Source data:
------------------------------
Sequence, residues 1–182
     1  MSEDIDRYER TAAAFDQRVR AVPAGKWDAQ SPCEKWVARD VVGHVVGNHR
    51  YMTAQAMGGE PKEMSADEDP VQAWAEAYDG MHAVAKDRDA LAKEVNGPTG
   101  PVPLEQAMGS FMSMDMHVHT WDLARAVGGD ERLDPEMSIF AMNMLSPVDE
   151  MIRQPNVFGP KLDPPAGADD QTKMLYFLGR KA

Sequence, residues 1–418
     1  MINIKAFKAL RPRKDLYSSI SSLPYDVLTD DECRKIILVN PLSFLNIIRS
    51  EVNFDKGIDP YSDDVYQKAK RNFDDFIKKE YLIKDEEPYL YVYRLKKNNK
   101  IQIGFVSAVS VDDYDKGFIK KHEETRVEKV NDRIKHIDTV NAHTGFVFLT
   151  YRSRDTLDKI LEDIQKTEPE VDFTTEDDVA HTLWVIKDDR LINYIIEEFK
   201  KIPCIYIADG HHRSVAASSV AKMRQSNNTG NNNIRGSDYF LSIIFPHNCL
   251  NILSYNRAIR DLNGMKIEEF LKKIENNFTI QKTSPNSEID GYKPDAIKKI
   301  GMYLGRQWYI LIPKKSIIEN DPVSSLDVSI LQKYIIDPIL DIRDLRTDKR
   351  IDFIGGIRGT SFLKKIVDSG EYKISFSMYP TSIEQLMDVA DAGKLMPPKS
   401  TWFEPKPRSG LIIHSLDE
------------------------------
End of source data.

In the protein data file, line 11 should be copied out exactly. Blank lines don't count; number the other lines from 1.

   201  KIPCIYIADG HHRSVAASSV AKMRQSNNTG NNNIRGSDYF LSIIFPHNCL